1. I do not belong to you. Do you see me wearing a dog (or child) leash? Do you see me on all fours playing fetch or slurping water out of a pail? Do I look like Tito Jackson? Am I wearing an orange jumpsuit like an inmate? Am I going through TSA at JFK? No. I am not your property. Therefore, do not treat me as such. Contrary to popular belief, you do not have the right to speak to me however you want. Please do not lick my ear or my neck 25 seconds after I tell you my name. Please do not pat me down and feel all up in my ass cheeks talking about some “I love black ass” whenever you please, and especially without asking for my permission first. Which brings me to my next point.
  1. I do not like when strangers touch me — It’s gross. If you rode that nasty D or Q train to get into the city like I did, I know exactly where your hands have been. And seeing the way you act in bars, they’ve probably been in many, many other places prior to you grabbing my ass and/or sticking your hands in my pants, feeling for whatever trinkets and toys you might be trying to find. Keep your hands to yourself. I think they taught us this lesson in daycare, or maybe your live-in nanny in your Connecticut or Long Island suburb taught you.
  1. You’re drunk. Just go home. It looks like all of your “friends” have left you at this point and you can barely speak an entire sentence or stand up straight. So just go on your little fancy iPhone 6 and request an Uber to take you home. It’s simple. Not only are you pissing me off every time you mention my “big black d*ck,” but you’re making yourself look like a complete fool when you grab me on the dance floor… because you can barely dance (for obvious reasons). So please take yourself back home to your fancy apartment in the Upper West Side/SoHo/Hell’s Kitchen/Crown Heights (please don’t get me started on the ones in Crown Heights) and maybe you can reflect on the many times you mentioned “dabbling in black men every now and then.” I’m sure your daddy would love to hear you say that!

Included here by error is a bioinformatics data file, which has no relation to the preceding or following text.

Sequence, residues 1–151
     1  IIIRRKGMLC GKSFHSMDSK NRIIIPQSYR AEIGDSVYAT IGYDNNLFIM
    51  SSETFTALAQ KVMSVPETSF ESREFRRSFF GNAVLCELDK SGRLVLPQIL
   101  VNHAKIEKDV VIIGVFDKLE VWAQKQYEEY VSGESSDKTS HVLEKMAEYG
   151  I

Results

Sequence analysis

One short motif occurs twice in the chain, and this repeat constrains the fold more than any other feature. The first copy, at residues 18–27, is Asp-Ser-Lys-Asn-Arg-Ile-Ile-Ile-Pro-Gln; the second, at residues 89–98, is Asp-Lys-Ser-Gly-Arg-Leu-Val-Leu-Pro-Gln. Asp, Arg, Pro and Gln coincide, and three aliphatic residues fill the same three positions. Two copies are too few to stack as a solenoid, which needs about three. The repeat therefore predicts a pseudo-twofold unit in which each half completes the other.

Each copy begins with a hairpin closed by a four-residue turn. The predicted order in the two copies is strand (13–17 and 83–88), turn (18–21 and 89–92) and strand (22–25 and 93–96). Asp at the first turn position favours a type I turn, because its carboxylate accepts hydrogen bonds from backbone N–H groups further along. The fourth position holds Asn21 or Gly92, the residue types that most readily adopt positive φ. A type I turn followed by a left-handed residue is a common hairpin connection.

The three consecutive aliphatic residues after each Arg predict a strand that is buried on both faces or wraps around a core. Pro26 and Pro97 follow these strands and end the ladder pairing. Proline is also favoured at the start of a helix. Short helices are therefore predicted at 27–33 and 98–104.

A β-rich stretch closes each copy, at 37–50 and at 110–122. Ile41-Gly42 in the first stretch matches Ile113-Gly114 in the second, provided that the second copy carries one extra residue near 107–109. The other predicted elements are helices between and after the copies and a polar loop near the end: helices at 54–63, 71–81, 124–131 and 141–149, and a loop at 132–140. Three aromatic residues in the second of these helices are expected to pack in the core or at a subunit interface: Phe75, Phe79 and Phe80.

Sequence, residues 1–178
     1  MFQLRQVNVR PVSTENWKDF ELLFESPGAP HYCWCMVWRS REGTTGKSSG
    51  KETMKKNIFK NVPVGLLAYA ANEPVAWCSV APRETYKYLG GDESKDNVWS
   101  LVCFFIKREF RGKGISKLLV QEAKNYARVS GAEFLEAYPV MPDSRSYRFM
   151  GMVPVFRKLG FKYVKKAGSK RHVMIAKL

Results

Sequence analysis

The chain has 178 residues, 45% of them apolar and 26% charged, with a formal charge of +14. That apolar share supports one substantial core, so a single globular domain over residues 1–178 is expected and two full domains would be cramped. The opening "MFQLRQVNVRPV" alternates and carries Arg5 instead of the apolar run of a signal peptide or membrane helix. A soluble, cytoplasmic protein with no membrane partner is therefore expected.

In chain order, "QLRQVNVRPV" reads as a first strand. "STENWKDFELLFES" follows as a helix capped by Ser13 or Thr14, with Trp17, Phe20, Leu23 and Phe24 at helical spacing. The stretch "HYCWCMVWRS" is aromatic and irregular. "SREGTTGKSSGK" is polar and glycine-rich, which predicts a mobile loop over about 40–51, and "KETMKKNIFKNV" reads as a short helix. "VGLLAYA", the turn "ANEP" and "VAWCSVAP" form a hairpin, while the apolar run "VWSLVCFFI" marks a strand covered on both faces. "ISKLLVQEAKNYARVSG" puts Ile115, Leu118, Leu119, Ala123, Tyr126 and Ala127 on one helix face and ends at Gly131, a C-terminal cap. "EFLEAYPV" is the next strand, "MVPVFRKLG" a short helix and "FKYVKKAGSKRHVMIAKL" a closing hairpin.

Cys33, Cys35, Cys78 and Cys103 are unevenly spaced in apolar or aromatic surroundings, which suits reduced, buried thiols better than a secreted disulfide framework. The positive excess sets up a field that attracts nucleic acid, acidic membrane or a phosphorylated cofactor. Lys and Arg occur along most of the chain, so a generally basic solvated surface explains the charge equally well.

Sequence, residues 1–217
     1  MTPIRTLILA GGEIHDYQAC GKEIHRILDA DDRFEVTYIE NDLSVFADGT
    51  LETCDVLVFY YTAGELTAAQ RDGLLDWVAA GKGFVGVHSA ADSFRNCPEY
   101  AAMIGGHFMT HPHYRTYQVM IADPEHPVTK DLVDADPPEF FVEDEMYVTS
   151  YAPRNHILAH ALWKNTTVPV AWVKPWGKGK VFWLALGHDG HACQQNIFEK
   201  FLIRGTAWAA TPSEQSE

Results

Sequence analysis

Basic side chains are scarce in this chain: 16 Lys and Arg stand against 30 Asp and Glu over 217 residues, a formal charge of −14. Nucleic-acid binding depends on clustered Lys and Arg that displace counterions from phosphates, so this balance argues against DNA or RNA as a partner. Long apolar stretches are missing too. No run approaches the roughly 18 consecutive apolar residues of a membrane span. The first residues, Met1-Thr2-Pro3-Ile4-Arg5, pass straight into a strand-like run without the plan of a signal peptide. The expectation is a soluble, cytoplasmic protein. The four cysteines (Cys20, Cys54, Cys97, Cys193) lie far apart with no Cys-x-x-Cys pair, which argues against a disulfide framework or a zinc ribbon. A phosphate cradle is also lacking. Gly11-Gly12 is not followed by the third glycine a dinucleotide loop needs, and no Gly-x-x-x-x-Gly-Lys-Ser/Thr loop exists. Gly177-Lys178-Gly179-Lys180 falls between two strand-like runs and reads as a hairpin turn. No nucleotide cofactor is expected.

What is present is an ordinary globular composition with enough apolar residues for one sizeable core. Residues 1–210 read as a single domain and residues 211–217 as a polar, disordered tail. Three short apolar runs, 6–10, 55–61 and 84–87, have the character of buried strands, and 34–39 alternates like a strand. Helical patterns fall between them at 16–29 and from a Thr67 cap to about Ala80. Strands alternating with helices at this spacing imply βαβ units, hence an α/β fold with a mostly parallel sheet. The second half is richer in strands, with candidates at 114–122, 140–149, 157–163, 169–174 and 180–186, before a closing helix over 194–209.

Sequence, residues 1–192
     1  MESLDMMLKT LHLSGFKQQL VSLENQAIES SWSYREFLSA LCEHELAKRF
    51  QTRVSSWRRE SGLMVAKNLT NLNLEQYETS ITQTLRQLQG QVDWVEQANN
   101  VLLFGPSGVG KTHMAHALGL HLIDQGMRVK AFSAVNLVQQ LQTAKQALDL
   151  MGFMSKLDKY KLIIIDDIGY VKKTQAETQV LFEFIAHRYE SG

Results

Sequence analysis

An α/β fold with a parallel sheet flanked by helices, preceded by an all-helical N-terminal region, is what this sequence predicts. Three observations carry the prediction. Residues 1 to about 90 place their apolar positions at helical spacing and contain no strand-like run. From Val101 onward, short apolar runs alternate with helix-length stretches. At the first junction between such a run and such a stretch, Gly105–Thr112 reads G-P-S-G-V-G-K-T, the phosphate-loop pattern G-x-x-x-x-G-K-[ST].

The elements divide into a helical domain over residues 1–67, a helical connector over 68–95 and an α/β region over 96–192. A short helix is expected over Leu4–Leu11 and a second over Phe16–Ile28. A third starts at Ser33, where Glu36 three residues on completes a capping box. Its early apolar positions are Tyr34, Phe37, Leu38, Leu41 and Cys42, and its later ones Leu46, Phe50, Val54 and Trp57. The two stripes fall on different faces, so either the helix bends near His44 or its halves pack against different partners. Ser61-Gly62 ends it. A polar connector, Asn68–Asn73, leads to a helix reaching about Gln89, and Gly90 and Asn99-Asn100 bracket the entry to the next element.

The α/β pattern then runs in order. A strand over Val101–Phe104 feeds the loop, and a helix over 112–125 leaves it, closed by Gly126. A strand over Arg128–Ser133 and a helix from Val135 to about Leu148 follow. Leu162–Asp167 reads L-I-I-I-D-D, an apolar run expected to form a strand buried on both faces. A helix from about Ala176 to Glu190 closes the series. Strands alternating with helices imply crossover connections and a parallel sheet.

1. You are being disrespectful. Now I’m not sure if you went to Kindergarten, but for those of you who did I remember my Kindergarten teacher taught us this big seven-letter word called RESPECT. And what you did to me when you attempted to grab my genitals when I was using the urinal is NOT respectful. In fact, let’s role play for a second. How would you feel if I went up to you expressing to you how much I want your “average-sized white d*ck”, or looked you into your eyes and told you how much I want your “tasty white meat?” In fact, what if whispered in your ear “I want to take your average-sized cracker ass home with me tonight?” How would that make you feel?
  1. I treat my body like a shrine. My body is precious and I will treat it as such. If you ever want to be intimate with me, you had best do the same.

I anticipate that roughly 6% of all white men reading this letter will actually get to this point and not be upset or want to call me “racist.” So for those of you who actually read up to this point and are sitting back on your sofa like “#yaaaaas,” thank you for at least trying to understand the plight that many LGBT men of color face in predominately-white LGBT settings.

So I’ll leave you all with this”

Dear white men, next time you want to speak to me in a bar, just say hello. Smile. Shake my hand. Ask me my name. Tell me something amazing about yourself. Talk to me about the little boy you mentor on the weekend or the last overseas trip to Fire Island (kidding) that you took recently. Tell me about what you’re passionate about.

Just be a human being and I will treat you like one.

And please just stop the foolishness.

— Cameron Nyennoh-Donyen

For more content like this, sign up for our weekly newsletter below.